This is a very interesting study that relates to recurrent pregnancy loss patients. This is a very early phase study just basically raising the idea that this drug may be of benefit and needs much more study before application patient care. The study makes the point that with higher order loss numbers, 4 or greater, the chance of having “normal genetic testing” increases. A caution, however relates to how normal is defined in genetic testing and certainly applies to our fertility patients undergoing embryo testing. Even with “whole genome sequencing,” the entire genetic picture is not tested. Therefore, normal only relates to the limits of testing which to date is limited to large changes in chromosomal structure and completely excludes single gene problems that could result in death of the embryo or abnormal development. The lining changes referred to in this study were linked also to progesterone levels, that can be related to ovulatory dysfunction and this was not addressed in this study. Our thoughts regarding subtle ovulation defects as a cause of a significant percentage of losses certainly could be supported by this studies’ findings. A caveat of this study revealed in the disclosures is the author is submitting patents for the test looking at the tissue changes associated in the changes studied in the endometrial lining. This always raises a red flag. A very interesting aspect though relates to the incretin pathway that is affected beneficially by the drug Sitagliptin is useful in the treatment of later phase insulin resistance and early type II DM. We know that this dysfunction is intimately associated with ovulation defects, progesterone secretion defects from the follicle and hence recurrent pregnancy loss. Further elucidation of these mechanisms and possibly the correlation of ovulation problems with these structural changes in the endometrial lining could prove very helpful in better understanding the basis of recurrent pregnancy loss.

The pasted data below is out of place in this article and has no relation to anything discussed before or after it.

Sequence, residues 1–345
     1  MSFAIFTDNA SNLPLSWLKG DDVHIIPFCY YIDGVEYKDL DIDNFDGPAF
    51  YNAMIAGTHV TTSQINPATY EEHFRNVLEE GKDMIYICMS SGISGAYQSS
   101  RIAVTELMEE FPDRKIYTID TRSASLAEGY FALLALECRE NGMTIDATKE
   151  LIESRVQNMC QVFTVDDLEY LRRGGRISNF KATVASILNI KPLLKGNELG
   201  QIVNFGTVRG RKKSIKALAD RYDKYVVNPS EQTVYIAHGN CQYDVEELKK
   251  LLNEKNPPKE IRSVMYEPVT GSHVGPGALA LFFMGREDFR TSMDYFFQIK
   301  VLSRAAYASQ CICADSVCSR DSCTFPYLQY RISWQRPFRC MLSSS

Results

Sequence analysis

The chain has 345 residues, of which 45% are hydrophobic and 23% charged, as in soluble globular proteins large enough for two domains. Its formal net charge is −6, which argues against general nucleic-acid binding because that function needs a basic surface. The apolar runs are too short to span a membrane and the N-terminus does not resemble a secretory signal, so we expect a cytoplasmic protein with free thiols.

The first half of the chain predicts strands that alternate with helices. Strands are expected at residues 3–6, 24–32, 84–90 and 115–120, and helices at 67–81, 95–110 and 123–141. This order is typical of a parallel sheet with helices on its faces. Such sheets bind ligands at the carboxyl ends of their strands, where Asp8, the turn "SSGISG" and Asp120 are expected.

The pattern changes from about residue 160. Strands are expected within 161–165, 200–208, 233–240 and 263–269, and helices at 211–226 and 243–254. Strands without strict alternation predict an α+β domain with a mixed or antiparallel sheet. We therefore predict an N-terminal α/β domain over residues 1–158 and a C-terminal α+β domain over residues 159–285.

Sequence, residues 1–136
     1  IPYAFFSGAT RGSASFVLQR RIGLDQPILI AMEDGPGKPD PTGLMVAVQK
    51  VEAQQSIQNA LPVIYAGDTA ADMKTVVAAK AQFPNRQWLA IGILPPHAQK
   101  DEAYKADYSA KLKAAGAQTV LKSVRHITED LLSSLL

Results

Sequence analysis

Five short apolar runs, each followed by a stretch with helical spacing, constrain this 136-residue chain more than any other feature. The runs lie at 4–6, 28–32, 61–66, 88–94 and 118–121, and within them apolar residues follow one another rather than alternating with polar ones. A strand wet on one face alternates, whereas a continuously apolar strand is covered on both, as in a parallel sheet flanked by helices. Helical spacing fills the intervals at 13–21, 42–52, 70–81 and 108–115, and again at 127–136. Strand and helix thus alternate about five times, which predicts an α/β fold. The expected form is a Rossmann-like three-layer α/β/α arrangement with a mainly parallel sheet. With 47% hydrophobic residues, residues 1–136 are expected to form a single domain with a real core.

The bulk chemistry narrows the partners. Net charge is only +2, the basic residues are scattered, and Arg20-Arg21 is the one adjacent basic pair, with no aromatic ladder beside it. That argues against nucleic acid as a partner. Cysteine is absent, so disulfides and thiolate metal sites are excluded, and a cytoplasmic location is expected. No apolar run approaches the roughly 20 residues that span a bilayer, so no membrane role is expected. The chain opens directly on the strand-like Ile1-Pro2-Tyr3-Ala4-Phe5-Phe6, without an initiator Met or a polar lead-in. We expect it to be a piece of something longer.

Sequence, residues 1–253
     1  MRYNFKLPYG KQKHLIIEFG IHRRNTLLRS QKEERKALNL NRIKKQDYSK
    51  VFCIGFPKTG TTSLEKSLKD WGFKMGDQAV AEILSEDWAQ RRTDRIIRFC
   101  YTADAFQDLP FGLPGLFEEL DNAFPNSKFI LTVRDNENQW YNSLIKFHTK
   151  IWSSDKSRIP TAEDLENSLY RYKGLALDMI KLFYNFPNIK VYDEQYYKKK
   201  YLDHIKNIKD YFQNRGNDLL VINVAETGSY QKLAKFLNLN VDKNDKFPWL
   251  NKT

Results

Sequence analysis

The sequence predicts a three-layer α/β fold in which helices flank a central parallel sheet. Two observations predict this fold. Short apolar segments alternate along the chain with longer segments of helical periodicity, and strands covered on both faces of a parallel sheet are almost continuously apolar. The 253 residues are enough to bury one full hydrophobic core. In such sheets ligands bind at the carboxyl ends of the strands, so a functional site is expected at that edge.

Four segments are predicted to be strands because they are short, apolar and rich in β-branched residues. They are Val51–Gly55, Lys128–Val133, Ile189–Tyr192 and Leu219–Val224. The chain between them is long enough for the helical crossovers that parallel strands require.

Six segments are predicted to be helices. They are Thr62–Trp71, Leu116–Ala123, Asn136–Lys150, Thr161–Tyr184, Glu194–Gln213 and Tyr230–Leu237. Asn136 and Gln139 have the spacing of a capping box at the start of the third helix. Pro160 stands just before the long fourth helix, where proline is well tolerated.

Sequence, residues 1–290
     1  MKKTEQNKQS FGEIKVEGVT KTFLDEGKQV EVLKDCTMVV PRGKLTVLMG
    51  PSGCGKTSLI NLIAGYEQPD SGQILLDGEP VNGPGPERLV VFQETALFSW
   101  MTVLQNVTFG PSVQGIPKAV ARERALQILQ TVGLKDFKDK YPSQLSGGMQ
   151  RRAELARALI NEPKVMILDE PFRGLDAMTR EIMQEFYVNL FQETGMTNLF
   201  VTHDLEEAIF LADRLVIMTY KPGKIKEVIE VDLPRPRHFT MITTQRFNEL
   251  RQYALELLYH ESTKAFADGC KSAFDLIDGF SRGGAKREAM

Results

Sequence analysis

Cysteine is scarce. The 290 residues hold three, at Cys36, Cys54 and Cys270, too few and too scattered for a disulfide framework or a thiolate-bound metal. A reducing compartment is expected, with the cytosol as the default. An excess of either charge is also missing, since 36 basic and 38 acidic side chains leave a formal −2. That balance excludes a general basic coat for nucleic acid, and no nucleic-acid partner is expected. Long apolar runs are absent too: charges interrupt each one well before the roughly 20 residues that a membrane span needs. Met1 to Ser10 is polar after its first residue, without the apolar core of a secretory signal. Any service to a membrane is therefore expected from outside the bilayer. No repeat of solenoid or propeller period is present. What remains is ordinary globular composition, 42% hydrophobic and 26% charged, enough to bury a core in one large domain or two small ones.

Michael D. Fox, MD
Advanced Reproductive Specialists